North Central Texas College and City of Gainesville officials opened a new Medal of Honor museum at the college on Thursday.
Medal of Honor (MoH) recipients, MoH committee members, NCTC faculty and many more turned out for the event in the main Visitor Center parking lot, near the site of the new museum at California and Bonner streets.
“We know that without those who were willing to put their lives on the line, we wouldn’t have the life we have today in this community, in this state, or in this country,” said State Senator Drew. Springer (R-Muenster), who helped secure the museum’s $5 million funding from state officials.
NCTC, Gainesville Chamber of Commerce, Gainesville Economic Development Corporation, and the State of Texas, as well as input from the MoH Host City Committee. “The MoH Host City Museum has been a topic of conversation for over five years now,” said NCTC Chancellor Dr. G. Brent Wallace. “Thanks to the support of Senators Jane Nelson and Drew Springer, we will have seen this dream for the community of Gainesville come to fruition.”
The museum was designed by architects BYSP of Wichita Falls, who worked with NCTC on the Leo and Mabel Scott Health Sciences Center and Industrial Trades Center.
The museum will also serve as a community meeting center.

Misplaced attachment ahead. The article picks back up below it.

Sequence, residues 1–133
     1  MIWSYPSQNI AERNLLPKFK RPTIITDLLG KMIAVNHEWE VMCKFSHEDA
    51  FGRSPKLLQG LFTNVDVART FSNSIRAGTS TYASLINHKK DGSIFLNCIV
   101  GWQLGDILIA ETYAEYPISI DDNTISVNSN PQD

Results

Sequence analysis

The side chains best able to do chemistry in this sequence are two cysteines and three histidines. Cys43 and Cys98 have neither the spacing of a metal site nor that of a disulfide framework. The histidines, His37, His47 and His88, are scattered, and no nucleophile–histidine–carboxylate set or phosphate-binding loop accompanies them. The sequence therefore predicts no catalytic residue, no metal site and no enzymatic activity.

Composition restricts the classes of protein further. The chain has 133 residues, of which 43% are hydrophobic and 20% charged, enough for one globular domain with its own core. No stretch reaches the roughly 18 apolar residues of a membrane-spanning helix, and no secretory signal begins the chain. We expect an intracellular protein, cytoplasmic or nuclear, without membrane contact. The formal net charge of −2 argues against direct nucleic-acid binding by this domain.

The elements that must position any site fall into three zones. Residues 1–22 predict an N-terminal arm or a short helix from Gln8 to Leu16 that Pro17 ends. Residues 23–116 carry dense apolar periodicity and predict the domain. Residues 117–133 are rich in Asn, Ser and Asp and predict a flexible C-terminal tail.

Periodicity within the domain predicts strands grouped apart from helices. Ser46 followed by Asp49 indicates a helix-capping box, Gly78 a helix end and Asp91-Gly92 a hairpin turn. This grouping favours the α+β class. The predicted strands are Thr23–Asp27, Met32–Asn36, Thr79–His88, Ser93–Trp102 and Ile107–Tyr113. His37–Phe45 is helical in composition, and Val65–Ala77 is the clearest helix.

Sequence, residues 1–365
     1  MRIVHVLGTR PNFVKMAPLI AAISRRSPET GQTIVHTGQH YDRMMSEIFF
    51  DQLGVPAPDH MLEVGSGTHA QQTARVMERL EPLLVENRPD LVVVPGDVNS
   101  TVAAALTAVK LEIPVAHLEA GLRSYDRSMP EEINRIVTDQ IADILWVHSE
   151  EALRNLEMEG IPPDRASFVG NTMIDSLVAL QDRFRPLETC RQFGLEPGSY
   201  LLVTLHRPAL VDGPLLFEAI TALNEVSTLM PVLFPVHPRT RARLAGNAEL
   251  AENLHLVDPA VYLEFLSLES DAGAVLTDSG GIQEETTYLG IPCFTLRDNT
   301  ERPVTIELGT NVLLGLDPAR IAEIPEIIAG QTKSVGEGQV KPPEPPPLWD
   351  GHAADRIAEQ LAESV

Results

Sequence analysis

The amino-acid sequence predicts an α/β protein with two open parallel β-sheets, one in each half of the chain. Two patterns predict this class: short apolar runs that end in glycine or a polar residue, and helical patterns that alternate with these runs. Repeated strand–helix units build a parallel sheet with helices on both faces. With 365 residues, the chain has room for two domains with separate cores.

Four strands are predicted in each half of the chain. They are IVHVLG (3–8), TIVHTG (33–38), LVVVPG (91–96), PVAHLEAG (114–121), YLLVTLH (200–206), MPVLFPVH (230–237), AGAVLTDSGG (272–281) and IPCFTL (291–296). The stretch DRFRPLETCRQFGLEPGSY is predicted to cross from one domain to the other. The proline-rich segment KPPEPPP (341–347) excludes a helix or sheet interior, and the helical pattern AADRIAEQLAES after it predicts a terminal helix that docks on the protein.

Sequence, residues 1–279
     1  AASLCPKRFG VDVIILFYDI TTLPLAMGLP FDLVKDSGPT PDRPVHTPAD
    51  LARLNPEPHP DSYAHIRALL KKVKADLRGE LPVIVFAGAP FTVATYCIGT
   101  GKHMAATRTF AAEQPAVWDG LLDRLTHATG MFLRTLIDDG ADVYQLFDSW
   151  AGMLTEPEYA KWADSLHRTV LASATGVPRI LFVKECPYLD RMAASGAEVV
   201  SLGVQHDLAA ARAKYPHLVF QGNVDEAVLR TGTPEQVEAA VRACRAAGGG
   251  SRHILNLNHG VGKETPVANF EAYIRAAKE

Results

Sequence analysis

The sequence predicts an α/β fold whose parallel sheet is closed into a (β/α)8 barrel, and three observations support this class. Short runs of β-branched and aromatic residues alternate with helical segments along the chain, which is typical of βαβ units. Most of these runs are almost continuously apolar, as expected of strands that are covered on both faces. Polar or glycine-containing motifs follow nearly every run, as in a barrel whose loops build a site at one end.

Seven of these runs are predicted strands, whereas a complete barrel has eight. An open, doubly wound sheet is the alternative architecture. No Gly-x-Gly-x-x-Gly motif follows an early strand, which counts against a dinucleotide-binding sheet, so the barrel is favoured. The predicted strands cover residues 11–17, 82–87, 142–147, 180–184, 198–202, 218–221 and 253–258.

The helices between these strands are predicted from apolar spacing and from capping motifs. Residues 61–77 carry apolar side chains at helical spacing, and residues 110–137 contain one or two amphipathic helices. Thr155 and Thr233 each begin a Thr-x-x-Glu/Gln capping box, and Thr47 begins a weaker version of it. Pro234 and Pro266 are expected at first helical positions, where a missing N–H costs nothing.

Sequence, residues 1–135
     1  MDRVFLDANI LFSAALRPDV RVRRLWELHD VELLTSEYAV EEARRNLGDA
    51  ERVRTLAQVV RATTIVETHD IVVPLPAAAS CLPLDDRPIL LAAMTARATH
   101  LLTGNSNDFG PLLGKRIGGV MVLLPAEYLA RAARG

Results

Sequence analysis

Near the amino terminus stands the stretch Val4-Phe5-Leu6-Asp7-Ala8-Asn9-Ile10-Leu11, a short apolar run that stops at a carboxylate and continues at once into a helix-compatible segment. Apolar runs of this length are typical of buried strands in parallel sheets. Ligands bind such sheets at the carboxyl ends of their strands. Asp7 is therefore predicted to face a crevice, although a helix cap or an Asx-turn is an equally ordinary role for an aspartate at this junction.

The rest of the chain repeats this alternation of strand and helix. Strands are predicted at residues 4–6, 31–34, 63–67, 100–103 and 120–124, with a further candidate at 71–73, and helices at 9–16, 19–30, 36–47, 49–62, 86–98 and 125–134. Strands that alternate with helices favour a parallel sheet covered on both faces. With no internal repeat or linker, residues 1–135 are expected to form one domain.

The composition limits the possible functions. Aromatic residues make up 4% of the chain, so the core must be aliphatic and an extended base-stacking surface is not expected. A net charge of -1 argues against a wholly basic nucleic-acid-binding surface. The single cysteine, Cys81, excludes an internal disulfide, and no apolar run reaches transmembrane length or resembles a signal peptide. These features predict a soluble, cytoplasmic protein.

“We’re trying to design it with flexibility in mind,” BYSP’s Steve Wood explained to the organizing committee in February. “Maybe it’s something where you want to get ready for the event of the year…or you can use it for smaller conference rooms when you have a small meeting, like if the city wants to borrow the space for an executive meeting or for the college to have a space there.
“This facility will be a hub not only for the community and a repository for historical artifacts for recipients,” Wallace said. “But it will also be a place where North Texas students can learn from these people’s stories and gain a better understanding of service and patriotism.”
Seven medalists will participate this year. They visited Gainesville Junior High and Gainesville High School on Thursday before the groundbreaking.
Gabrielle Fletcher English students and teachers at the college organized a Health Department display for this year’s events, which run through Saturday afternoon around Gainesville. The Ministry of Health’s Host City program celebrates its 21st year this week. It hosted 56 of the 67 living beneficiaries of the Ministry of Health, giving them the opportunity to share their stories and
stories of their fellow soldiers and beneficiaries who did not live to be able to tell their stories.
“This program is unlike any other program in that these recipients have truly become part of the ‘family,'” Wallace said. “This facility will not only serve as a museum, but also as a home for the Medal of Honor recipients themselves. My hope for the museum is to serve as a reminder to those who visit of service and sacrifice; that each time someone visits, they leave with a better understanding of these beneficiaries, their lives, their families and their commitment to freedom.
The Patriot Guard Riders rumbled onto the campus of North Central Texas College late Wednesday afternoon as part of the motorcade that brought Medal of Honor recipients to this year’s celebration.
MIKE EADS/[email protected]
TOP: Gainesville Mayor Tommy Moore and attendees of this year’s Medal of Honor Week turned the dirt for the new NCTC Museum early Thursday afternoon. BOTTOM: A US Marine Color Guard participated in Thursday’s opening ceremony at the NCTC.
ANNA BEALL/[email protected]